Think Again: Time for automation system integration
Gain efficiency through tighter control system integration. Ensure you're doing all you can to work effectively with system integrators.
Integrating disparate control systems can deliver easier apples-to-apples comparisons, parallel metrics, and less complicated information integration from manufacturing through the enterprise and supply chain. If you don’t have enough engineering resources on staff to do the integration within or across cells, lines, or plants, find the control system integrator with the appropriate skill set to help get the job done.
Integration moves data more efficiently (such as timely data transfer as with real time control systems), lowers costs of managing software that translates data or the hardware that facilitates translations, and lowers overhead without sacrificing large amounts of CPU power to perform translations. That’s especially important when that time, effort, and CPU power could be better spent for actual production or process control, as the cover story, “Integrating Disparate Control Systems,” explains.
Tools like OPC Unified Architecture, common physical layers for communications (Ethernet), even if many protocol choices remain, continue to make integration easier. “Integration is still not a clean and simple process,” observes Jeanine Katzel in the article, although “enormous strides have been made. Look for more to be made in the future. Manufacturers must recognize that innumerable options and alternatives exist and exercise care in making connectivity decisions. There are as many ways to bring control systems together or push data to the enterprise are as there are manufacturing facilities.”
And at your facilities, and even through your present partners, you may not have the expertise required for the optimal level of integration, or to assess what kind of return on investment might be available. For that task, you may find it useful to use automation system integrators in the Control Engineering Automation Integrator Guide.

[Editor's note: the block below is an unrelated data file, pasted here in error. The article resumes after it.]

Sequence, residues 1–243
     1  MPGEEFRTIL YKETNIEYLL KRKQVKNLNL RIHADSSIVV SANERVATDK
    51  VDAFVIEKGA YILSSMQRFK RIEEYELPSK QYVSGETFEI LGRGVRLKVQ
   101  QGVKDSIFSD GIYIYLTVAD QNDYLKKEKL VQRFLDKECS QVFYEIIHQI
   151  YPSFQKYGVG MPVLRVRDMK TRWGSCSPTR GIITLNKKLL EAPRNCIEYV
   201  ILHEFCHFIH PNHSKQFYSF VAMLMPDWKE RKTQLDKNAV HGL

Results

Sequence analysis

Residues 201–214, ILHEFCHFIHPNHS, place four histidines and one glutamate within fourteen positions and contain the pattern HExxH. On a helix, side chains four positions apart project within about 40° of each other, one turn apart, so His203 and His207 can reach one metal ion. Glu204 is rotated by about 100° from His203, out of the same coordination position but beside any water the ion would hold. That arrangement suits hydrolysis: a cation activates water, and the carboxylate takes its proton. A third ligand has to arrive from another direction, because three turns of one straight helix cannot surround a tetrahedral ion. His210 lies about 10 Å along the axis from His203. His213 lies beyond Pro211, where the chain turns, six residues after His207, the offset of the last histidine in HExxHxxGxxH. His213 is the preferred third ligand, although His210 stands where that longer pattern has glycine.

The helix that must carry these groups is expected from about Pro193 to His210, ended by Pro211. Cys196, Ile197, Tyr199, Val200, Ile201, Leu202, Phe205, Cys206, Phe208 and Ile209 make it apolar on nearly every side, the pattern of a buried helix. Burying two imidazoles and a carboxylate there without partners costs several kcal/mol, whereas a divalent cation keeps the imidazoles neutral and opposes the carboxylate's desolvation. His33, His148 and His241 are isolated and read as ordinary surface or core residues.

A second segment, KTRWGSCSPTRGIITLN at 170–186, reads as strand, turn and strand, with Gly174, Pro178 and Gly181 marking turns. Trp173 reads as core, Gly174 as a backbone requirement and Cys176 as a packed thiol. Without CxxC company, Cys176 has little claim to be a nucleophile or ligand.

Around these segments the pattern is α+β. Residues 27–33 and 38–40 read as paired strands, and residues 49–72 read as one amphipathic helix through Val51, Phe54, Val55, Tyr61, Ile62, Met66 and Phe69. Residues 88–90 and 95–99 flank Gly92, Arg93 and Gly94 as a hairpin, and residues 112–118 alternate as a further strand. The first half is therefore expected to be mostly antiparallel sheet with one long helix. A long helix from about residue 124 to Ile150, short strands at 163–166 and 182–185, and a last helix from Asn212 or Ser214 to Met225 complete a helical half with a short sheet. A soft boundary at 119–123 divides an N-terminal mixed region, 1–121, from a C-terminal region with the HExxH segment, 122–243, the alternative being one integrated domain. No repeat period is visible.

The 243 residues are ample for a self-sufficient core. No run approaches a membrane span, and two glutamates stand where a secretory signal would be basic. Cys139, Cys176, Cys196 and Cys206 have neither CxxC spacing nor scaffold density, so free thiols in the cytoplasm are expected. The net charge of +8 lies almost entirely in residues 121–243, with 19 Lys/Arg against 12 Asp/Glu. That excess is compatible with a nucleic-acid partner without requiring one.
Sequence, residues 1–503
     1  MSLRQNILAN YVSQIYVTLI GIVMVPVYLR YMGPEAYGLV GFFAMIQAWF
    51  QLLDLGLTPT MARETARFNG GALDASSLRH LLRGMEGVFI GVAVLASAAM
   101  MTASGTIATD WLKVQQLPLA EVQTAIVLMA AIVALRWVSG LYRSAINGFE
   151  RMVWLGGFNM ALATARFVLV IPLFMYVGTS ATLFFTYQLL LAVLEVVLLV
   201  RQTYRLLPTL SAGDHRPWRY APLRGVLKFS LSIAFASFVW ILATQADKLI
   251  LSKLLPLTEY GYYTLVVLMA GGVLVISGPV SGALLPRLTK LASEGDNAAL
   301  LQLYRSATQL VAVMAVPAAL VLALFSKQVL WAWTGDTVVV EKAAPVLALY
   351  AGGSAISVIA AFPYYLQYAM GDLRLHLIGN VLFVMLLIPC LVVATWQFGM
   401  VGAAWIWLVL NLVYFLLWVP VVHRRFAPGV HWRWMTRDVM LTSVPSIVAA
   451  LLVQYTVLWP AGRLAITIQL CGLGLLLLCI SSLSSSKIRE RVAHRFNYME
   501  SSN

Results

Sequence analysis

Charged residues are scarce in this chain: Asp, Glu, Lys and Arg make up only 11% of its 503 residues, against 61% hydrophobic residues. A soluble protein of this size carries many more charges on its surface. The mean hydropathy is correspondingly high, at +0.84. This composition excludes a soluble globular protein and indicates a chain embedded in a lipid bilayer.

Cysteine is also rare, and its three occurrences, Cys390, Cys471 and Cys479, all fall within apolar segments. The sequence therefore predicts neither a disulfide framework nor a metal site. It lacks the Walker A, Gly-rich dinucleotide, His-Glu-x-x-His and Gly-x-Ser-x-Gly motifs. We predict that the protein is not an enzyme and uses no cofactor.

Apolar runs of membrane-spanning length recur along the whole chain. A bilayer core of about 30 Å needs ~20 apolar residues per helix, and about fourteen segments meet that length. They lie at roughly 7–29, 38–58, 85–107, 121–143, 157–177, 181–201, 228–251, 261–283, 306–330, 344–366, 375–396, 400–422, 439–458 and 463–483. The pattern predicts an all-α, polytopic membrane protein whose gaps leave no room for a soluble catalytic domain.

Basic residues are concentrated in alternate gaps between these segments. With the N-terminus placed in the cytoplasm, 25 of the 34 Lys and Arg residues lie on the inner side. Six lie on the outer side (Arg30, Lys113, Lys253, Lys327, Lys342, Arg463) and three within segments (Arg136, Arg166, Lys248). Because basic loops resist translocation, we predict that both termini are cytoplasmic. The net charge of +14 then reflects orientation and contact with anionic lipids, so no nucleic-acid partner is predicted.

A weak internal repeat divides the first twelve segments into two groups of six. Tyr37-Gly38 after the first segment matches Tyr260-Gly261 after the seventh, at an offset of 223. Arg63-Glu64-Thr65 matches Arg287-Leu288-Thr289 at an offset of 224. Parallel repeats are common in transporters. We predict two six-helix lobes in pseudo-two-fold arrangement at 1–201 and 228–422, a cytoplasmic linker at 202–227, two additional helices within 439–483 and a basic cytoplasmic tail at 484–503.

At www.controleng.com/integrators online (and a subset in print), find the best skill set from among more than 2,130 integrators using a multi-parameter search. Perhaps most useful in this case, select one or more engineering specialties, such as computer hardware, computer software, data processing/management, factory automation, information systems, MES, networking/communications, process control, PLCs, SCADA, and web technology, among others.
While those projects are launched and underway, automation system integrators advise end users to track what’s happening at every stage of an automation project. Here how to ensure you get what you want, explains Vance VanDoren, in one of the Automation Integrator Guide’s articles:
- Collaborate on a plan with all-around buy-in;
- Communicate effectively; and
- Stay in the game until the final score is tallied.
Share your integration experiences at www.controleng.com/events-and-awards/ce-tips-and-tricks.html.
- Mark T. Hoske, Content Manager, Control Engineering, www.controleng.com
Annual Salary Survey
After almost a decade of uncertainty, the confidence of plant floor managers is soaring. Even with a number of challenges and while implementing new technologies, there is a renewed sense of optimism among plant managers about their business and their future.
The respondents to the 2014 Plant Engineering Salary Survey come from throughout the U.S. and serve a variety of industries, but they are uniform in their optimism about manufacturing. This year’s survey found 79% consider manufacturing a secure career. That’s up from 75% in 2013 and significantly higher than the 63% figure when Plant Engineering first started asking that question a decade ago.